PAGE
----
Last weekend, I attended the 1st annual West Virginia Urban Agriculture Conference. on the campus of West Virginia State University.
I was stoked. Especially since I fantasize about turning my half acre in city limits into a working farm. This was right up my alley.
It was hosted by the West Virginia University Extension Service, West Virginia State University Extension Service and SARE (the Sustainable Agriculture Research Education Organization).
There were four tracts: production, focused on actually producing agricultural products; homesteading; policy and land use, focused more on community involvement; and business and marketing, for those in the agricultural business. There were two days of sessions covering anything from bee keeping to media training for local foods projects.
I found out about the conference from my mom, who is taking the Master Gardener course offered through the WVU Extension Service. I was expecting the conference to be a small group of mostly other students in the Master Gardener course and a few people like me who are gardening and food nerds. I was blown away (and I think the conference organizers were, too) by the level of interest in attendees when I showed up the first day. Over 250 people attended. Many showed up at the door. It was truly inspiring to see so much interest in sustainable urban agriculture right here where I live. I am used to reading about this level of interest in places like Seattle, Portland or New York City. It’s so nice that the sustainable food movement is strong here in the Kanawha Valley, as well as across the country.
Now, to the fun part. The awesome sessions I attended.
My favorite session was the session on growing mushrooms. I love mushrooms. I hate buying them at the store. It seems like if you don’t use them in a couple days, they start to get slimy. To be honest, while I’ve heard they’re easy to grow, I had no idea where to start. The best part of the session, was it was hands on. We actually pounded some plugs inoculated with mushroom spores into logs and sealed them with wax. The log will be completely covered in shittake mushrooms in five to six months. It’s that easy.
The extension agent told us that oyster mushrooms grow in just about any medium. They’ve had success growing them in a bucket in about two inches of used coffee grounds. I can’t wait to try this.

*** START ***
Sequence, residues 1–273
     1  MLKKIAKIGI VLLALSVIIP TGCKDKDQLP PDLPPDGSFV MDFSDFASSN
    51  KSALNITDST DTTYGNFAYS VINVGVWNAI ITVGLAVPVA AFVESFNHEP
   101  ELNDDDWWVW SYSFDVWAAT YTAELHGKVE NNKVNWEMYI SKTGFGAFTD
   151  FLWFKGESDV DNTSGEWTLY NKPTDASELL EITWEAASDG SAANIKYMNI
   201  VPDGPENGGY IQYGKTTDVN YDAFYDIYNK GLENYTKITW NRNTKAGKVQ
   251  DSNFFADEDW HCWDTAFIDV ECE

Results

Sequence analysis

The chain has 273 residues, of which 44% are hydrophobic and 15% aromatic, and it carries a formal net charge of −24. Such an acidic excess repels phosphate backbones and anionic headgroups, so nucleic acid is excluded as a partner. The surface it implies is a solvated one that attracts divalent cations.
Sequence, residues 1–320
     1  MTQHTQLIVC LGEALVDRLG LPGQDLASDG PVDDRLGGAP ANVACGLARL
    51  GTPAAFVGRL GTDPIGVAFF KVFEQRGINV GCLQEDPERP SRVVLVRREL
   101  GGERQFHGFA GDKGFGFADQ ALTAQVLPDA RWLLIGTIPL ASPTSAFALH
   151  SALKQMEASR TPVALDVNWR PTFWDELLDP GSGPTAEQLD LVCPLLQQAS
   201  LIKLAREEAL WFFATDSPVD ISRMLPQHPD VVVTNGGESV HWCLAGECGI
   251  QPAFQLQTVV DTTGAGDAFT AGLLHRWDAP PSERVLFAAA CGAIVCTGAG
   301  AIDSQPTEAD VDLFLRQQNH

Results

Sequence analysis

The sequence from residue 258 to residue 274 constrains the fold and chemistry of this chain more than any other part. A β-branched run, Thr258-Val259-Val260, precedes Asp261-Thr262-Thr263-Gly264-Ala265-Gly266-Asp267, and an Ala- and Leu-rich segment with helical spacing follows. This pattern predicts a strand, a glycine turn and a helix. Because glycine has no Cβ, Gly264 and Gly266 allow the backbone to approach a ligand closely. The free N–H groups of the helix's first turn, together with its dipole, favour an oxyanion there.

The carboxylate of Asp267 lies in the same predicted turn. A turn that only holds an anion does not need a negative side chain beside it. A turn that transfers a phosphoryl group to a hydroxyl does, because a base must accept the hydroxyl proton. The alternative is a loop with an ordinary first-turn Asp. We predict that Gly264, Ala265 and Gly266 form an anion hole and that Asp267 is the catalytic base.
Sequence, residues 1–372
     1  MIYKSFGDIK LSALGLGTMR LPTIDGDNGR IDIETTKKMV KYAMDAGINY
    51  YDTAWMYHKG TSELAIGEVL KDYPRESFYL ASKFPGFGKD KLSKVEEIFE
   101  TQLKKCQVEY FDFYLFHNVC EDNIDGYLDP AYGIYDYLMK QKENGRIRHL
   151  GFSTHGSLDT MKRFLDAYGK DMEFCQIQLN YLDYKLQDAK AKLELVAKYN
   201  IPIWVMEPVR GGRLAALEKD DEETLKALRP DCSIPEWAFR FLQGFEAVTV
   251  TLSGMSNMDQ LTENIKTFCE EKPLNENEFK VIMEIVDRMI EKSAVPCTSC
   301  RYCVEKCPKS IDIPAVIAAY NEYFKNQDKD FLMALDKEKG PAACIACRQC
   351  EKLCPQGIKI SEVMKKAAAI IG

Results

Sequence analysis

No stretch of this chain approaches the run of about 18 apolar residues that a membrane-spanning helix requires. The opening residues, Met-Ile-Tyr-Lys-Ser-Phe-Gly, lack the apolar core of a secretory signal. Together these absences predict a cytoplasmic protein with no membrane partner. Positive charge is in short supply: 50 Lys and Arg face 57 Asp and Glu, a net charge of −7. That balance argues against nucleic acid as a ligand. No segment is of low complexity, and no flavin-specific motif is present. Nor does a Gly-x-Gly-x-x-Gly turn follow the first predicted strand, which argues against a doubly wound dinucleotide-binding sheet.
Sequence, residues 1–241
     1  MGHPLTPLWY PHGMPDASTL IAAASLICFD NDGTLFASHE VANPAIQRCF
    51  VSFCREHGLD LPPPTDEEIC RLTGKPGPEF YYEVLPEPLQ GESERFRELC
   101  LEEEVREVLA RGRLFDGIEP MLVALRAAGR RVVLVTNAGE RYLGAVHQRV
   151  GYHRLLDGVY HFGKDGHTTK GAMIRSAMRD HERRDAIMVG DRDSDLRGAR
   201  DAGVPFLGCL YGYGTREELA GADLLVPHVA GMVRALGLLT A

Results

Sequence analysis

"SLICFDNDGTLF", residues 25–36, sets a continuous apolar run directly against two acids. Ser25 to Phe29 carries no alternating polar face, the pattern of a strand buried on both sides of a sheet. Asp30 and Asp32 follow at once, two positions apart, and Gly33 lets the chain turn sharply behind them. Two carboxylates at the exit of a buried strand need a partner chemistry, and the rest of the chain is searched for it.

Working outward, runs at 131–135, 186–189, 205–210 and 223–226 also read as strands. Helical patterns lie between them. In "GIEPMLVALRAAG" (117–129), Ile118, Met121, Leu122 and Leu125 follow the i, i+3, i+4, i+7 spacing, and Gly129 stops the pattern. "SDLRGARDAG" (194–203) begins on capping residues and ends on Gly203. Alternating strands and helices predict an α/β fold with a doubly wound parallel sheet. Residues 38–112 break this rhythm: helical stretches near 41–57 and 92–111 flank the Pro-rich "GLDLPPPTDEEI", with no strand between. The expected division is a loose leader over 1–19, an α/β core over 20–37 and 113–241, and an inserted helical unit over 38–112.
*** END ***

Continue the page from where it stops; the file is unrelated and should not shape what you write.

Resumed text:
Mom and I also attended a session on home wine making. It was led by a fellow student in the Master Gardener course who also owns a wine making supply shop in the Kanawha Valley. He has been making wine for 25 years, and has even won awards at the State Fair of West Virginia for his wine. He made it sound so easy, and this session was also hands on. We mixed a batch of wine made from frozen raspberries from his backyard right in class. And this session had free samples!! So tasty!
I also attended a session on beekeeping. The City of Charleston passed an ordinance last year to allow homes to have up to two beehives within city limits. I really want to get some bees, but it’s quite an investment. I am trying to learn as much as I can, since I know pretty much nothing about beekeeping, before I take the plunge. Tomorrow I am going to attend the monthly meeting of the Kanawha Valley Beekeepers Association to learn more, get answers to my seemingly endless questions, and meet some beekeepers who will hopefully take me under their wings. A
t the beginning of the session, which was led by the president of the local beekeepers association, he asked “Why do you want to be a beekeeper? Is it for fresh honey, to help pollinate your garden, or to help support declining bee populations? Or all three?” It’s definitely all three for me. I love fresh honey. Right now, I have some from a family friend whose hives are near his apple trees, and you can taste the apple blossoms in the honey. As a matter of fact, we sampled three different kinds of honey, basswood, autumn olive, and the most common, wildflower. I had no idea that honeys made from different flowering plants would taste so significantly different. I’ve heard that honey is one of the best things you can eat to help with seasonal allergies. Honey is made from pollen, so when you eat local honey, you are essentially getting trace amounts of pollen that helps you build up an immunity to the agonizing symptoms it causes. I’m definitely on board for that.
During the session, we watched a short TED talk video from Marla Spivak about the collapse of bee populations worldwide. This is no joke. Without bees, grocery stores would essentially be empty. The video is actually pretty informative, and I’d encourage you to watch if you have the time. Here’s the link. It’s so important to support the bee population, and you don’t need to have hives to do so. You can simply plant pollinator-friendly plants, and these are basically anything that has a bloom. There’s a great reason to have flower beds around your home. Even better if they are full of flowers that bloom at different times throughout the season.
The most popular session (over 100 people signed up) was the raised bed session. Although I already have raised beds, I learned quite a bit from this session. It was broken into three parts. I learned a better design for my hoop house, which I’ll try this fall and winter. I picked up lots of little tips and tricks that will make my raised beds even better I hope.
There was such a positive response from the community for the conference, they are already planning for next years. Mom and I decided that we would definitely attend again. There were a number of sessions that I would have liked to attend, but they were offered at the same time as another that I wanted to attend, so I had to pick one. I can’t wait to put some of the knowledge I soaked up to work in my backyard, and to see what the 2nd Annual Urban Agriculture Conference has in store for next spring.